You know the story: we stayed at home, we ordered online. Office supplies, electronics, groceries. Lots of groceries.
In the pandemic year, Amazon — with Whole Foods folded neatly into its portfolio — capitalized. Revenue up 20% to $386 billion. Profit up 84% 21.33 billion.
That made Jeff Bezos (even more) obscenely rich. But it left some mom-and-pop grocers — lacking the sophisticated tech of the retail giant — at a disadvantage. Mercato, a start-up that helps smaller grocers digitize, is trying to change that and it just got a $26 million war chest to do it.
Clean-up on aisle 26 (million)
The Series A funding round comes after an eye-popping 2020. Mercato’s merchant sales grew 1,300% last year thanks to a platform that, in a matter of minutes, digitizes and displays a store’s entire shelf stock in an easy-to-navigate online marketplace for pick-up and delivery orders.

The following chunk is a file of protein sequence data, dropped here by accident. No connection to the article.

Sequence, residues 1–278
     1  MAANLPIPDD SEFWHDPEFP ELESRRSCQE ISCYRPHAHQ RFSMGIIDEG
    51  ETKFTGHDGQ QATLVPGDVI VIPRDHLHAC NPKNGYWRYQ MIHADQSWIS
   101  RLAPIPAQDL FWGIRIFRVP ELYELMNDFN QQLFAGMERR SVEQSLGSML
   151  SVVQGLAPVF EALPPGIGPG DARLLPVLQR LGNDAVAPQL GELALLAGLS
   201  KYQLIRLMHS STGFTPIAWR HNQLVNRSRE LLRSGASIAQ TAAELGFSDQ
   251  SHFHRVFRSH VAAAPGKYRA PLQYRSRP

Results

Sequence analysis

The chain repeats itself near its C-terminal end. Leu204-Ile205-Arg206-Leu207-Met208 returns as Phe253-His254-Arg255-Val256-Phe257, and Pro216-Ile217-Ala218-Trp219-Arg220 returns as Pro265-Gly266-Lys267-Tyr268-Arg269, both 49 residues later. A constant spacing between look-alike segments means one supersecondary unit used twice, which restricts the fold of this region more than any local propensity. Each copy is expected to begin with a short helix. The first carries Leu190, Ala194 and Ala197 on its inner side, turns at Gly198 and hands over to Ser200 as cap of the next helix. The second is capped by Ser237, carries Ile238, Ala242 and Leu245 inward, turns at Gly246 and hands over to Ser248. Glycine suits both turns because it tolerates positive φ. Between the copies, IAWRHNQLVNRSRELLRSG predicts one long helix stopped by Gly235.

It costs merchants $96 to $228 per year, way lower than other delivery companies charge, which has allowed it to rapidly scale.
- The company serves over 1,000 merchants in 45 U.S. states, and is active in the Big Apple, the Windy City, the City of Angels, the City of Brotherly Love, Beantown, and whatever Sacramento’s nickname is.
- With a run rate of $700 million, the company has overseen a billion dollars in sales since the start of the pandemic.
Expiration date?: Pre-pandemic, it’s estimated online grocery orders accounted for only 3.4% of total grocery sales in the U.S. That figure leapt to 10.2% in 2020. Whether these numbers hold in a post-vaccine world remains to be seen, but one study suggested it to go even further, with online orders accounting for 21.5% of total sales by 2025.
Jeff Bezos could sneeze and $26 million would fall out of his pockets, but it’s a start.